Positive social interactions are often rewarding to humans. It is hypothesized that successful social interactions involve the same reward processing circuitry that underlies the pleasure we derive from food or money. Studies in rodents show that social interactions result in the release of dopamine, the neurotransmitter often associated with pleasure, in the nucleus accumbens (NAc), a small region buried deep in the brain (Fig. 1). An interesting observation from rodent studies is that mice often return to the same area they previously met another mouse. Before the advent of cell phones and Facebook (and perhaps even now), we probably did (do) the same, too. If you met interesting people at a bar, you are probably more likely to go that same bar again. But what are the neural circuits that make the association between social interaction and spatial location?
In a recent study, entitled ‘Combined social and spatial coding in a descending projection from the prefrontal cortex’, Murugan et al (2017) identify a role for the connections from prelimbic cortex (PL) to NAc in driving this socio-spatial learning. The PL is implicated in learning and memory, the integration of sensory information and emotional regulation. The PL also regulates social interaction whereby the activation of PL neurons diminishes the time a mouse spends interacting with another mouse. The circuitry in the PL is complex and the PL projects to several brain areas. Three such areas are the NAc, the amygdala (Am) and the ventral tegmental area (VTA) (Fig.1). To determine which one of these projections is involved in social interaction, Murugan et al. use optogenetics to specifically activate distinct neuronal populations that project to either the NAc, Am or VTA. The reasoning with these experiments is that such artificial activation would disrupt the information flow between the two brain areas and impair the behavior that they support. The researchers determined that disrupting the activity of the PL-NAc pathway results in less social interaction. In contrast, the optogenetic disruption of PL-Am or PL-VTA pathways did not observably alter social interaction.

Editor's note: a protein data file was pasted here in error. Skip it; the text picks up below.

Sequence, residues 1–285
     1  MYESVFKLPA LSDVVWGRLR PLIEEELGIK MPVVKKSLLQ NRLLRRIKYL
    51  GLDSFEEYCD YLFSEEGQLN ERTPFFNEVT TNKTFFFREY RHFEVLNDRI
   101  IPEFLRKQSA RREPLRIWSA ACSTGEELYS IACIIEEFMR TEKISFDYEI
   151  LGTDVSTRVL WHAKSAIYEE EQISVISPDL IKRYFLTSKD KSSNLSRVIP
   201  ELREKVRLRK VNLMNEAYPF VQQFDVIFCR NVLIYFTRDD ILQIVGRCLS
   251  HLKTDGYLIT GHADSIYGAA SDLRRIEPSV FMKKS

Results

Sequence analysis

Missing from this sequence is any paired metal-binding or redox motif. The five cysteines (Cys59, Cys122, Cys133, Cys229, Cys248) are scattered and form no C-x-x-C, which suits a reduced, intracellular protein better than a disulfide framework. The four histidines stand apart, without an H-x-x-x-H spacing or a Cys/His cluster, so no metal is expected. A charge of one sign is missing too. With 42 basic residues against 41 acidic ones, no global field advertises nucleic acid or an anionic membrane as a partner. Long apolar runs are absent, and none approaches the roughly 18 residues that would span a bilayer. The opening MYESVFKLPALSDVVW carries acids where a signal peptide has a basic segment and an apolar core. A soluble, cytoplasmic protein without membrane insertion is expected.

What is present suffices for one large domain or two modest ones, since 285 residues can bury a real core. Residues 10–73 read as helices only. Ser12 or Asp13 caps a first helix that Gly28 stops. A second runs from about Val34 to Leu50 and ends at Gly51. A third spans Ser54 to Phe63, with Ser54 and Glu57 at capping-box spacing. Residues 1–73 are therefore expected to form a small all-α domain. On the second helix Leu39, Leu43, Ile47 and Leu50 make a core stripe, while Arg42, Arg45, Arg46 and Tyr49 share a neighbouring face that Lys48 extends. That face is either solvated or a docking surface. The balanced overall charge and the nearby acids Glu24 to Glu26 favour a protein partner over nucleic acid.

The authors then asked: what is the endogenous activity of these PL-NAc neurons during social interaction? Using calcium imaging of PL-NAc neuron they determined that these neurons are more active when the mouse interacts with another mouse (but not with objects). They also identify two subclasses of neurons: the ‘spatial’ neurons and the ‘social’ neurons. The spatial neurons are ones that respond when the mouse is in the same location in the box (regardless of whether another mouse or object was present) while the social neurons respond only when another mouse is present (regardless of location). The most interesting finding of this paper however was that there was yet another subset of these PL-NAc neurons that respond in the presence of another mouse only when the other mouse is in a particular location (Fig. 2). Furthermore, manipulating the activity of these neurons in a spatially specific manner during social interaction alters the likelihood of the mouse returning to a specific location after social interaction. For example, if you optogenetically inactivate PL-NAc when the mouse is in zone A but not in zone B, the mouse is less likely to spend time in zone A afterwards. Contrarily, if you activate PL-NAc when the mouse is socially interacting in zone A but not when its in zone B, the mouse is more likely to spend time in zone A afterwards.
Together, these findings suggest that the PL-NAc neurons are capable of combining social and spatial information to perhaps encode the information that tells a mouse the location where positive social interactions have occurred. Furthermore, since these projections alter activity in the NAc, a region heavily implicated in dopaminergic signaling, it is possible that the PL-NAc neurons alter dopamine signaling to form the association between location and pleasure – a possibility that requires further verification. There are many other open questions. What are the inputs to PL-NAc neurons that facilitate these associations? What happens in the case of a negative social interaction? Is this specific to social interactions or would other positive objects (food for example) induce a similar response in these PL-NAc neurons? What happens in cases of neuropsychiatric disorders where social interaction is impaired? Nevertheless, Murugan et al. have delineated a novel pathway and role for the PL in social interaction. The next time you go to your favorite bar again, perhaps you’ll remember that your PL is one reason you are there.